Eddings has also injected an edge of doubt and fear into Garion’s character in the guise of Asharak the Murgo. It’s a subtle play and the right level of threat for this book and Garion; Asharak has been watching Garion from the day of his birth but a compulsion keeps him from ever being able to let anyone know about him. With the passing of years comes normalcy, complacency and Garion forgets the danger is even there, right up to the moment you least expect. As you progress through these books this relationship does build to a satisfying climax.

The one negative I found, well two, was firstly the book is finished too quickly, so I suggest you have the second one handy as you will be moving on quickly to Queen of Sorcery. Secondly, I found Garion’s luck and ability to be in the right place at the right time to discover a vital piece of information or thwart a reprobate to be bothersome and redundant. However, the positions Garion becomes involved in are drafted well and the character isn’t just handed the win but is provided the opportunity to get himself out of the moment.

This book and subsequent will feed your fantasy appetite greatly, unfortunately you may have to take a second bite to get that “filling at the corners feeling”, if you don’t mind me paraphrasing a very famous hobbit.


For even more reviews, author interviews and biographies, check out the site Fantasy Book Review.

Book Review – Dodger by Terry Pratchett

My review of Dodger by Terry Pratchett

Come one come all to greatest city in the world.

In London, all men are free, the streets are lined with gold and the naughty ladies are friendly to all.

In London there are geezers on ever street corner and every urchin and tosher is an angel with a dirty face. Home to Her Majesty, Fleet Street, the Square Mile and Dodger – known to all, Dodger is crafty, nimble and some what flexible object of lost and found. Its not really stealing if it could have fallen out of a pocket any way, It’s a service really. So, you saw nothing, you heard nothing and Dodger wasn’t even there.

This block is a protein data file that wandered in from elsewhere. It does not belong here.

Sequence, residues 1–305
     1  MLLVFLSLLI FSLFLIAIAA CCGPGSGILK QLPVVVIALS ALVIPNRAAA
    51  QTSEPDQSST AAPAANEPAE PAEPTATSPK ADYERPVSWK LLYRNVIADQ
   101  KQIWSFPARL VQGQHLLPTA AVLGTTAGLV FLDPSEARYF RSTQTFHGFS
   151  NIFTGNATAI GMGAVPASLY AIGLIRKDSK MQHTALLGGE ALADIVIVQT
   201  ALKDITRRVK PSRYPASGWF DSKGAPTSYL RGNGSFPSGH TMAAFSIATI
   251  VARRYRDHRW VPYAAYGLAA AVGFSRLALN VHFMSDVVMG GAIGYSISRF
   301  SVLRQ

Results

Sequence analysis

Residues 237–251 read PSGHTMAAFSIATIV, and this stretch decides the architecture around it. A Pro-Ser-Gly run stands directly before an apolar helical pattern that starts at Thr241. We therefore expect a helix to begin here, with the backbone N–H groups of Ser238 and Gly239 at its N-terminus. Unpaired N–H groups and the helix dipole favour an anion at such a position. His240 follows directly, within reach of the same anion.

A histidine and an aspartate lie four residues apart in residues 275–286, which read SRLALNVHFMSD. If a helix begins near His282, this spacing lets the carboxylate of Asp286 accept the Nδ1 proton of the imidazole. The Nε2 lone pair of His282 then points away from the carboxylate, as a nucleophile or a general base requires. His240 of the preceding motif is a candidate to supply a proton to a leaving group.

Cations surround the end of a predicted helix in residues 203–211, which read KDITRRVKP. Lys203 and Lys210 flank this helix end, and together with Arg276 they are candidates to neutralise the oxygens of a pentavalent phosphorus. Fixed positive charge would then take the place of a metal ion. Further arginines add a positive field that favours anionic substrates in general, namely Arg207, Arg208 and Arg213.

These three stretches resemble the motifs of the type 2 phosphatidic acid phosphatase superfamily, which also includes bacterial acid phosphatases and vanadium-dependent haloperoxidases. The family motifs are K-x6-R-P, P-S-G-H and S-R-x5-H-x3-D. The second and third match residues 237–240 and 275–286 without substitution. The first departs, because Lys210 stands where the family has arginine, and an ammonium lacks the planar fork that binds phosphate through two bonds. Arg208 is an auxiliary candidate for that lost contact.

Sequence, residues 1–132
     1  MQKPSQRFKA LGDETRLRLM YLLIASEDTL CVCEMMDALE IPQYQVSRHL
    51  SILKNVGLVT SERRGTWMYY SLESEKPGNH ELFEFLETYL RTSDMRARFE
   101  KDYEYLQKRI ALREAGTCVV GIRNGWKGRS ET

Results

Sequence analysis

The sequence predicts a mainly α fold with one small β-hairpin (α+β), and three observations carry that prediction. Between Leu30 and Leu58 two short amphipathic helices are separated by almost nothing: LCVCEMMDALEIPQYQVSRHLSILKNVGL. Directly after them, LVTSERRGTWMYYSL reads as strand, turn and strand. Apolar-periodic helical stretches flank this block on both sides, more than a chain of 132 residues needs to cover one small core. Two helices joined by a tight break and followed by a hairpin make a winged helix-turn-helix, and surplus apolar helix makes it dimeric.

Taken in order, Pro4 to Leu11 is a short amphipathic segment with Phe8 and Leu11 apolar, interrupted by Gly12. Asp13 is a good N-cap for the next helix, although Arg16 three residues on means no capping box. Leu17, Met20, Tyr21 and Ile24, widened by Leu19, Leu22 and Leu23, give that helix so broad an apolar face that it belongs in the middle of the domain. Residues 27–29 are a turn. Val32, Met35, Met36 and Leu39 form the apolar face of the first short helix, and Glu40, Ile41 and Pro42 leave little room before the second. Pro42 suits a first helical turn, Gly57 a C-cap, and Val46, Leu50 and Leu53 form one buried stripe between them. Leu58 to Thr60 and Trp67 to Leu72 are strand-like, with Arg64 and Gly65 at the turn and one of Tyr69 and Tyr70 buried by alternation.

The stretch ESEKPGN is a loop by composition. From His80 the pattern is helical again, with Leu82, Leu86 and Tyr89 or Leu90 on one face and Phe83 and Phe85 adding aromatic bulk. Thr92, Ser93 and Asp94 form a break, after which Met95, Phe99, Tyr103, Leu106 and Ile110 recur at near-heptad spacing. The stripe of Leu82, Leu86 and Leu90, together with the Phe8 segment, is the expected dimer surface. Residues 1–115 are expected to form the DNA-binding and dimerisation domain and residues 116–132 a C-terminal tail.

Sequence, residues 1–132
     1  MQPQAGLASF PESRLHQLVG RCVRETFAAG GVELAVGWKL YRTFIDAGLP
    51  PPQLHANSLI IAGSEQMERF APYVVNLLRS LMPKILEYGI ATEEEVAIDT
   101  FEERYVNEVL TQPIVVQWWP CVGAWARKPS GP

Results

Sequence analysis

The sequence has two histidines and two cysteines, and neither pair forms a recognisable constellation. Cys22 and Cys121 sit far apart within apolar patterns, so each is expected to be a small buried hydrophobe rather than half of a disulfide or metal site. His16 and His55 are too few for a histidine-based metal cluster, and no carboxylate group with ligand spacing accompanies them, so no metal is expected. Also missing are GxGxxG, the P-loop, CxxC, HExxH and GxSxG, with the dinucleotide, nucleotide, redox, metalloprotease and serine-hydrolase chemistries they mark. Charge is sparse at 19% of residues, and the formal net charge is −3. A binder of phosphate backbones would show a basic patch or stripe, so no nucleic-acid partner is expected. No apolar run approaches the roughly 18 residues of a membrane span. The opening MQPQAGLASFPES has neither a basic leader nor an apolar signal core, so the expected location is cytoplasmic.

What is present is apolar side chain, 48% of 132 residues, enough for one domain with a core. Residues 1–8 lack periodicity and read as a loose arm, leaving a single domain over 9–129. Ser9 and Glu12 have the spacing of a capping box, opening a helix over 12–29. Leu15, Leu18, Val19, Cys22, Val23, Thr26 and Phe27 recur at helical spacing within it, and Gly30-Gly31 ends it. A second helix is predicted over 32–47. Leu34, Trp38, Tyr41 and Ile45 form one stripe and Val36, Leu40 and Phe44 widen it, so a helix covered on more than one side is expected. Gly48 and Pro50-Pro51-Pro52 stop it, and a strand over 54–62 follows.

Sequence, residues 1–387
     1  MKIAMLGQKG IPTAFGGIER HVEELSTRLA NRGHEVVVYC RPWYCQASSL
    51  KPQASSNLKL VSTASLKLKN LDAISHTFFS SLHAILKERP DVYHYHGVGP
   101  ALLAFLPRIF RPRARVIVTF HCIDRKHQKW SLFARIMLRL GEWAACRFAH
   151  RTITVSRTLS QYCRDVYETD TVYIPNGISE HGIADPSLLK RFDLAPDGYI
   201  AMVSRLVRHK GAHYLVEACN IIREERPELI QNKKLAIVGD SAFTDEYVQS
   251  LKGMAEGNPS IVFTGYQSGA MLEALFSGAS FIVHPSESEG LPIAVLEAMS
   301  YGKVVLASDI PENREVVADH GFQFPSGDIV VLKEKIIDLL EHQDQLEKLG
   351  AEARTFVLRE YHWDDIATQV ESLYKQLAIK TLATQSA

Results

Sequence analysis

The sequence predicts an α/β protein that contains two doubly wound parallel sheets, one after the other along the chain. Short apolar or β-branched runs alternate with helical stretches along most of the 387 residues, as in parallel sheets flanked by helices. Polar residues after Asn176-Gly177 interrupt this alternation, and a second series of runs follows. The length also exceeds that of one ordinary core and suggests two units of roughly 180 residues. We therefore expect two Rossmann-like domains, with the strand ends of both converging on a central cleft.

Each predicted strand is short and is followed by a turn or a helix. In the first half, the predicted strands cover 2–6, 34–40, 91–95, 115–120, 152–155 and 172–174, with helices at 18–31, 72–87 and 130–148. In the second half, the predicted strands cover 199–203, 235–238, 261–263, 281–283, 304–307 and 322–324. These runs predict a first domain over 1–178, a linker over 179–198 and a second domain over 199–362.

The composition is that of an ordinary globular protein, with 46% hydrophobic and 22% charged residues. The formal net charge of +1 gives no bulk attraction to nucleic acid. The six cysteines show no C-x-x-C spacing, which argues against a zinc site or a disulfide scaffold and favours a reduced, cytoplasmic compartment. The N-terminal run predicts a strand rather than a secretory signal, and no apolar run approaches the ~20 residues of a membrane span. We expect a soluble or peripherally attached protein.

Dodger rises from the gutter as the hero of London; rescuing damsels in distress and defeating the villains with a smile and a quick wit, but lets not forgot wit gets you only so far so brass knuckles and a crowbar do help.

I still remember my first Terry Pratchett novel. I picked it up by chance and I haven’t looked back since, thank god for specials at Waterstones.

It’s hard not to compare to Terry Pratchett’s non Discworld novels because I love them so much and in Dodger I feel like I am getting a Discworld novel in structure and flavour, but with a difference. There are some definite Discworld style characters, Onan, Dodger’s dog has been illustrated in a manner, and with such personality, I expected him to be able to speak or turn out to be a Wizard of the Unseen University on an expedition from the next universe over, except disguised as a dog.

Pratchett has beautifully narrated Dodger. The story has been written in such a way you can feel the cobblestones under your feet as Dodger works his way around London; thankfully you don’t have to feel some other things described. The quality of the writing takes me back to discovering Terry Pratchett for the first time.

Without giving too much away the sewer grate has definitely been left open for further book, and I say yes, more please. One of the few negatives I had of the book was I would have liked a little more back story on the main characters, but there is always room in the sequel. I am not sure if I would have liked it a little grittier but that would have just made it a different book with a different feel.

This is a little left field but I feel that story was been written in such a way that once Terry succumbs to his illness it could be continue on in its own fashion without trying to recreate Discworld, that uniqueness and wizardry belongs to Terry Pratchett. I can think of no greater tribute to Terry Pratchett if his works could be continued in a small way by others.

If you love Terry Pratchett novels you will love this, if you haven’t read any off Terry’s works before and want to start, you can’t go wrong here.


For even more reviews, author interviews and biographies, check out the site Fantasy Book Review.

Book Review – Cold Days by Jim Butcher

My review of Cold Days by Jim Butcher

In the Heart of Winters domain ‘Artcis Tor’ Harry recovers from his injuries after Mab returns him for the edge of death.

Mab’s rehabilitation techniques could be considered unique; constantly trying to kill Harry Mab is merciless and devote of compassion. Harry must heal quickly or be replaced as the Winter Knight. As the Winter Knight Harry has access to great power. Can Harry control the predator within or will Winter’s lust for death and destroy control Harry?